Irrespective of price, global demand keeps rising, Wood says. Across Asia, imports grew solidly last year — in China alone, crude imports grew 30 percent. Gasoline demand in the United States increased 4.3 percent from last year owing to the growing economy, a cold winter and SUV sales growth of 18 percent, according to API. The United States imports more than 62 percent of the crude oil the nation consumes, with the highest amounts imported from Mexico, Canada, Saudi Arabia and Venezuela. And while the total product supplied is 0.6 percent higher than last year, supply growth is simply not keeping up with increased demand.

One good question, Wood says, is whether or not the rise in prices at the pump will lead to more oil exploration. He speculates that the American public may call for more domestic exploration if it thought higher prices were here to stay. And in this election year, the public sentiment could take on extra significance, Wood says, but he is still skeptical that anything will change. Porter adds that higher pump prices in the past haven’t led to more stateside exploration or public support for it.

Although the short-term issue is inventory supply rather than the actual supply of oil in the ground, Porter says, reserve supply is going to be an issue for the long term. “There’s no question that over the next 20 years, we’ll have to find new sources for oil and gas, and other energy sources,” he says.

In the meantime, consumers are left to pay higher prices at the pump or figure out how to use less gas. Still, analysts point out that while gas prices are higher than ever before, when adjusted for inflation, the true price of gasoline at the pump has fallen more than 40 percent from its peak of $2.77 per gallon in 1981.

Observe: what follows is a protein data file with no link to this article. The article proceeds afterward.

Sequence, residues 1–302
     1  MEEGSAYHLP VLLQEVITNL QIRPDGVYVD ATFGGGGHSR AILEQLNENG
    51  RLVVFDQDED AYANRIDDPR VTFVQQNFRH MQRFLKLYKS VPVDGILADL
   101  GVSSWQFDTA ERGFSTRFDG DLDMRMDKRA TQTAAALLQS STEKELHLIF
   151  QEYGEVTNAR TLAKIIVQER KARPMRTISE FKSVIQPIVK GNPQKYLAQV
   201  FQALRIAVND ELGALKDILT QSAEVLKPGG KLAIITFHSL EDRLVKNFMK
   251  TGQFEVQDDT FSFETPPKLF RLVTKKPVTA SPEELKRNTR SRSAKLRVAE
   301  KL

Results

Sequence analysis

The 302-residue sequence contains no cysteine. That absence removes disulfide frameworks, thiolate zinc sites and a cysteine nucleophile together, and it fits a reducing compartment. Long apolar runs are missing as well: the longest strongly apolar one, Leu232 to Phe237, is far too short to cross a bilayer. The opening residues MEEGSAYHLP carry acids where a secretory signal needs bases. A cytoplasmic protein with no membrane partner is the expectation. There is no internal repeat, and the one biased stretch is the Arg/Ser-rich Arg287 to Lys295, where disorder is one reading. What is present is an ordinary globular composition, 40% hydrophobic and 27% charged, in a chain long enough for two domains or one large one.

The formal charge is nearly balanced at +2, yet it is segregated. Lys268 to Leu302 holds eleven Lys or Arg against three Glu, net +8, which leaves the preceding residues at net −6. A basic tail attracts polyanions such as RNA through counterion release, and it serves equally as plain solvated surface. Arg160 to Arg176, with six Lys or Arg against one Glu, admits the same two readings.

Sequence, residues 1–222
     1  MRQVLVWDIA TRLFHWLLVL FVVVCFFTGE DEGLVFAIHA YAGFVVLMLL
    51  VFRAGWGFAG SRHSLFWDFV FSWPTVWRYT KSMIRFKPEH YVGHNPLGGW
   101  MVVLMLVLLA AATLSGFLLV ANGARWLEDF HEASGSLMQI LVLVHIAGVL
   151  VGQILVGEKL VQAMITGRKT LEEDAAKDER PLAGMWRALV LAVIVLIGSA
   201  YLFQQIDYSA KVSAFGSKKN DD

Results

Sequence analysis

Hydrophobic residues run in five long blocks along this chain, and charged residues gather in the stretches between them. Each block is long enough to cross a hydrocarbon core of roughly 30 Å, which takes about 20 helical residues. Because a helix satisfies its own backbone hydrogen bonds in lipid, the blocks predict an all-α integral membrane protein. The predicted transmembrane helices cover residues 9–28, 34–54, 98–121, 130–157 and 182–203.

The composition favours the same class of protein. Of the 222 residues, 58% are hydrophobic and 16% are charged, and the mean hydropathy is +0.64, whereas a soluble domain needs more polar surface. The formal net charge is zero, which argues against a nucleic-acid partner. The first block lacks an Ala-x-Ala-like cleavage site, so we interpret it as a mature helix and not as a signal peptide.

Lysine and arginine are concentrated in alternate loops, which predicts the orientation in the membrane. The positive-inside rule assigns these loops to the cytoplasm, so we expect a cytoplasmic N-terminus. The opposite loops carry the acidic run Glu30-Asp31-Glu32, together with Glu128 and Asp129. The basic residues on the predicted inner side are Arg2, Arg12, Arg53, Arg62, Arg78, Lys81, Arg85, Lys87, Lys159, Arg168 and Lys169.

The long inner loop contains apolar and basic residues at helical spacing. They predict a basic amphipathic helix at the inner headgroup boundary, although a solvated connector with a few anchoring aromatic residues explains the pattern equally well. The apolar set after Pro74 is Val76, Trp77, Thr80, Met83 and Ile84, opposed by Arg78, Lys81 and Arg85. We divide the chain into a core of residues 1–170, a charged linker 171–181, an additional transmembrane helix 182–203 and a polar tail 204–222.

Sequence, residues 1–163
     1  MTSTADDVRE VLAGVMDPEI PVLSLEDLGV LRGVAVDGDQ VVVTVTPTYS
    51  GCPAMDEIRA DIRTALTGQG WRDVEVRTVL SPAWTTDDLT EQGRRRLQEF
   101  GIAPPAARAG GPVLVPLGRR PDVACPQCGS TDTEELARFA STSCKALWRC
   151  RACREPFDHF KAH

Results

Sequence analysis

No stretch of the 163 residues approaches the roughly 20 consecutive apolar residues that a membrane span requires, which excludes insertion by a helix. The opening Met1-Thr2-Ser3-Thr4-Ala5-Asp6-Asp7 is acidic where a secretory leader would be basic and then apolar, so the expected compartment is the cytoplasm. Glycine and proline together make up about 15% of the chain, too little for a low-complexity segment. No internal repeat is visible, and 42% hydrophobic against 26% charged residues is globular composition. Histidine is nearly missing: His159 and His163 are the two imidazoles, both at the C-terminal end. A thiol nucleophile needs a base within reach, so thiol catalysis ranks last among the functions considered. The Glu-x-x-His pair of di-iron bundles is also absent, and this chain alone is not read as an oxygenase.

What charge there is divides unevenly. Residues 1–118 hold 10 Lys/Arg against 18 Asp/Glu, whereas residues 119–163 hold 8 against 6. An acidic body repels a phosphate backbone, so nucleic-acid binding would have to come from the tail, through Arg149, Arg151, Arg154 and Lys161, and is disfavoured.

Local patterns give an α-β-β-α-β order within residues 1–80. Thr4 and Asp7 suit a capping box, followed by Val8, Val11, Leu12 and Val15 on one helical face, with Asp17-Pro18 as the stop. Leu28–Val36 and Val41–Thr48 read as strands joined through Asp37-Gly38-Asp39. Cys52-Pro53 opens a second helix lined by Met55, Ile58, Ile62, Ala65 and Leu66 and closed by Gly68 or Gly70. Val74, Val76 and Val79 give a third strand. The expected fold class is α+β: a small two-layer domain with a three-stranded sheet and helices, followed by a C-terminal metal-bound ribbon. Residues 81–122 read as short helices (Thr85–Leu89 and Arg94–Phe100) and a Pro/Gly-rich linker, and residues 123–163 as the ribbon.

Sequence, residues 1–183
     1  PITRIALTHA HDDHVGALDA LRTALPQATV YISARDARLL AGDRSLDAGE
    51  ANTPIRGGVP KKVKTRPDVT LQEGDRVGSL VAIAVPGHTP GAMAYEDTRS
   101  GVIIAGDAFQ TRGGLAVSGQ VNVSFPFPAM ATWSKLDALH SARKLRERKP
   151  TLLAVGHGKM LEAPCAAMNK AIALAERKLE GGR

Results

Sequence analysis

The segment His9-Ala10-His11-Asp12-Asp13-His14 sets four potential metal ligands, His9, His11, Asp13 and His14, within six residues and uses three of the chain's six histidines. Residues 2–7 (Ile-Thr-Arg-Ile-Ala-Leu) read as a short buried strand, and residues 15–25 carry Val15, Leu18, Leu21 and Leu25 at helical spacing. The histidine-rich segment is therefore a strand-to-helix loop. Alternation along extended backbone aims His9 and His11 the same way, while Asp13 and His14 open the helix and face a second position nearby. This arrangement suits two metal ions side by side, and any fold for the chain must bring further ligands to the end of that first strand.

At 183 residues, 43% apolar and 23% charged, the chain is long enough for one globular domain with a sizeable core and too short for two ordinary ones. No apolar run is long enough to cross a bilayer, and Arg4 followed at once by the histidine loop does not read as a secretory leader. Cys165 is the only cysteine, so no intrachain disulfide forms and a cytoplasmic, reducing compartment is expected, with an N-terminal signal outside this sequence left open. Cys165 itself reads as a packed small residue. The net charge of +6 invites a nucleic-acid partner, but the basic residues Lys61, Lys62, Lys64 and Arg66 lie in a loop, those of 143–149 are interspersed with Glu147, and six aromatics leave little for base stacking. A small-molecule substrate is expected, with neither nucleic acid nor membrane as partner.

Megan Sever

Next month, read about the role refineries and taxes play in the recent gas price hike.

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More reserves cuts for Shell

Based on an ongoing independent audit of its reserves, Royal Dutch/Shell downgraded 250 million barrels of oil equivalent from proved reserves to less certain reserve categories in March. The decision follows on the heels of a massive 3.9-billion-barrel reserve cut in January (Geotimes, March 2004). Furthermore, the company decided not to book 220 million barrels it had earlier decided to book as proved reserves.

The U.S. Securities and Exchange Commission is conducting a formal investigation into Shell’s reserves accounting and could bring civil charges. The U.S. Department of Justice, a regulator in the United Kingdom and two regulators in the Netherlands are also investigating the company and could bring civil or criminal charges. Also, Shell employees have filed a class-action lawsuit against the company for the resulting drop in share value, which affected their retirement funds.

In the wake of the reserves reclassification, Shell’s CEO, CFO and head of exploration and production have all been replaced.


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Mineral Resource of the Month: Rare Earths